SEC Asks Congress For Increased Authority To Regulate Muni Bond Market

In its recently-released Report on the Municipal Securities Market, the Securities and Exchange Commission asked Congress to increase the SEC’s authority to regulate the municipal securities market, which it described as “decentralized . . . illiquid and opaque.” While the SEC has brought a handful of enforcement actions against issuers of municipal securities based on allegedly-misleading offering materials, most recently against the state of New Jersey in 2010 and the city of San Diego in 2006, it has done so rarely because municipal securities are exempted from most of the provisions of the Securities Act of 1933 and the Securities Exchange Act of 1934. Read More

Lesser-Known SEC Rule Compels Dismissal of Securities Act Claims

Relying on a lesser-known U.S. Securities and Exchange Commission rule, the Southern District of New York dismissed over forty underwriter and director defendants from a securities action against General Electric Co. on April 18, 2012.  Shareholders alleged that GE made false statements in connection with a $12 billion secondary stock offering in 2008, including misrepresentations about its ability to sell commercial paper.  GE, which was mostly financed by 30-day commercial paper, encountered difficulties in funding its operations after the collapse of Lehman Brothers in September 2008.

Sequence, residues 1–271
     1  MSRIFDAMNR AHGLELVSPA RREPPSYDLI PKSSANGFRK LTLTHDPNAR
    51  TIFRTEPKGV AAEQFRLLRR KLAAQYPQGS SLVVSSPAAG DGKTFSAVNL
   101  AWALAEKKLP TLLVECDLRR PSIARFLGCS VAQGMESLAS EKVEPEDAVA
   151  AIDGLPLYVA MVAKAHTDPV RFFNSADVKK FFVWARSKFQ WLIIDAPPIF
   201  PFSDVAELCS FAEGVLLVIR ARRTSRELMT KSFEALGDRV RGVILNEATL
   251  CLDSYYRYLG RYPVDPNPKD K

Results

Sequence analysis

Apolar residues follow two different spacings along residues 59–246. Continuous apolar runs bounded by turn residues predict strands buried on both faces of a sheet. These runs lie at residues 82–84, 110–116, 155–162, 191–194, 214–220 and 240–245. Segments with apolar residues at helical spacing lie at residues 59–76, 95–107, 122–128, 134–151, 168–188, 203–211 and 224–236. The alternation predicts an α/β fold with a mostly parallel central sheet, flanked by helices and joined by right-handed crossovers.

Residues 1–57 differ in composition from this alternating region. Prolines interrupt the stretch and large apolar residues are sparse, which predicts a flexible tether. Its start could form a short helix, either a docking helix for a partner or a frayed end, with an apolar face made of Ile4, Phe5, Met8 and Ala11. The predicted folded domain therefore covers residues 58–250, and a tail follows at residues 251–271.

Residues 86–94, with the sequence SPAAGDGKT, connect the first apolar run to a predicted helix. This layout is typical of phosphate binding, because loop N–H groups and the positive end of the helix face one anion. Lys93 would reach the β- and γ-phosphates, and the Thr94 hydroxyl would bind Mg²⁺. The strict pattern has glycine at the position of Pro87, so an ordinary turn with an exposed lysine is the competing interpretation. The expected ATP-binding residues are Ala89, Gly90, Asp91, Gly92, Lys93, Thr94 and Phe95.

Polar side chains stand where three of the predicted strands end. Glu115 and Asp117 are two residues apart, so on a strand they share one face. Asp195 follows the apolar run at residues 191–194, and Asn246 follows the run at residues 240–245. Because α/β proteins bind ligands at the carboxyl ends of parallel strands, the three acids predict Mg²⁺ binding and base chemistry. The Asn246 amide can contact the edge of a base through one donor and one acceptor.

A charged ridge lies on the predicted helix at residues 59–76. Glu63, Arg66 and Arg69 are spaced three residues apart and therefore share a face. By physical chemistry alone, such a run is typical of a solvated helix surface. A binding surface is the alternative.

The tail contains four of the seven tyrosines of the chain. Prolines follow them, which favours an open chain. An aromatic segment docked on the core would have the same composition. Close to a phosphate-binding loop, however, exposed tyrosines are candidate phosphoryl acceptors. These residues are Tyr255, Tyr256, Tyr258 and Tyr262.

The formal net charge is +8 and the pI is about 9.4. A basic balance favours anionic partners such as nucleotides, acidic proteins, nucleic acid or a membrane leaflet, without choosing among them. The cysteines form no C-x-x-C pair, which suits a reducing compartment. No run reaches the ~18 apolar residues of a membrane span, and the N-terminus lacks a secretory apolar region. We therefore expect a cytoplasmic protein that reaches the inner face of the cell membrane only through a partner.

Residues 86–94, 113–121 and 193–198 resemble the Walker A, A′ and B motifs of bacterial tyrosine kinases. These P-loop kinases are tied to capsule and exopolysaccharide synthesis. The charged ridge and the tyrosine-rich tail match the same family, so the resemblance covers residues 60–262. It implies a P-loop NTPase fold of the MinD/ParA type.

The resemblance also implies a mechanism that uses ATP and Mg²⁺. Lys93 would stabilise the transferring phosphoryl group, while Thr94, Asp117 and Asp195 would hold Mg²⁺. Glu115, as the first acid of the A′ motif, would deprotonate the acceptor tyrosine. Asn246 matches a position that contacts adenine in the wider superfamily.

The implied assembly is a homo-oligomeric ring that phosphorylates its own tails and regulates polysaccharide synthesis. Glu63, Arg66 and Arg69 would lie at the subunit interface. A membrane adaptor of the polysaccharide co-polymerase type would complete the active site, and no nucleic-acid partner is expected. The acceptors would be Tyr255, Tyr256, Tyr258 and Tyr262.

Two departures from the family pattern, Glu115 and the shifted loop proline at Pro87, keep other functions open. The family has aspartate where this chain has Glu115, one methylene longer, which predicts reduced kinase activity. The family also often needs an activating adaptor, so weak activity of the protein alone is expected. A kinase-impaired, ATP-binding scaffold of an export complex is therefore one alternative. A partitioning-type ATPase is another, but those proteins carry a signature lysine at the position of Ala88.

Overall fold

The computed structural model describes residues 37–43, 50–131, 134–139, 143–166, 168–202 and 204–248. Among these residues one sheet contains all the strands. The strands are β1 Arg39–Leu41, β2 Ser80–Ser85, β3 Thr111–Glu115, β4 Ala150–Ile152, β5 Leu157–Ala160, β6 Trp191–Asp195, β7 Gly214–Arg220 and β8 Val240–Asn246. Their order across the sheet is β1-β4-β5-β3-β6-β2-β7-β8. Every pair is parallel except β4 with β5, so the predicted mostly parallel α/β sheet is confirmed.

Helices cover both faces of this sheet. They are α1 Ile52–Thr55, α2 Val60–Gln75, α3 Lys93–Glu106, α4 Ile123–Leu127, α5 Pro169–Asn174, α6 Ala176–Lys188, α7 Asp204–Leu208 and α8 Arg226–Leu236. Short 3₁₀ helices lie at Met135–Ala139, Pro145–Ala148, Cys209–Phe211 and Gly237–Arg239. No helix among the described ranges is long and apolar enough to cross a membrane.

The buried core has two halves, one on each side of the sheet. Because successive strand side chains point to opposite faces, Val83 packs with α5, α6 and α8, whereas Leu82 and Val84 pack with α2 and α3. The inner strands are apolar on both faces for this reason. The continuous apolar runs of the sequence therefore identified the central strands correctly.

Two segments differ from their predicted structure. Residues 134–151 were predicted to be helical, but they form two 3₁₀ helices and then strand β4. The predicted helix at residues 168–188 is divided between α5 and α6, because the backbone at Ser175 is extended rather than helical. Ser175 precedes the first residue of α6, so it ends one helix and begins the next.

District Judge Denise Cote ruled that older statements incorporated by reference into the offering documents were modified and superseded by subsequent statements under SEC Rule 412, and that statements made by GE in its Forms 10-K between 2004 and 2007, expressing confidence in its commercial paper position, could not be relied upon to state a Securities Act claim.  Citing SEC Rule 412, Judge Cote found that the 2008 offering’s prospectus supplement warned of potentially impaired access to the commercial paper market, and thus “directly modif[ied] and replace[d] the earlier statements” of GE.  Judge Cote also rejected lead plaintiff’s argument that the newer statements were merely standardized “boilerplate.”

The ruling modified a January 2012 opinion from District Judge Richard Holwell in one of his last opinions before retiring from the bench.  Upon reassignment of the matter Judge Cote granted defendants’ pending motions for reconsideration of the January opinion with respect to all surviving claims under the Securities Act and Exchange Act.  Judge Cote’s ruling did not dispose of the entire action, keeping intact the Exchange Act claims against GE and its chief financial officer for alleged misstatements about the quality of the company’s loan portfolio.

In re: General Electric Co. Securities Litigation, case number 1:09-cv-01951, United States District Court for the Southern District of New York.